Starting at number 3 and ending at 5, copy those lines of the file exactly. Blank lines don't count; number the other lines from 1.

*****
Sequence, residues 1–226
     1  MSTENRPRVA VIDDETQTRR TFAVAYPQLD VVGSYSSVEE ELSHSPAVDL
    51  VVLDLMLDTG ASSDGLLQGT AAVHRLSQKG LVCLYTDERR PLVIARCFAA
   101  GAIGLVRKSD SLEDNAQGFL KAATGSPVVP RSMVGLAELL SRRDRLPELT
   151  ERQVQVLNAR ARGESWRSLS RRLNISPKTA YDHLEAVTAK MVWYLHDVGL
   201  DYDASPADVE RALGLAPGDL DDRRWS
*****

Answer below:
    51  VVLDLMLDTG ASSDGLLQGT AAVHRLSQKG LVCLYTDERR PLVIARCFAA
   101  GAIGLVRKSD SLEDNAQGFL KAATGSPVVP RSMVGLAELL SRRDRLPELT
   151  ERQVQVLNAR ARGESWRSLS RRLNISPKTA YDHLEAVTAK MVWYLHDVGL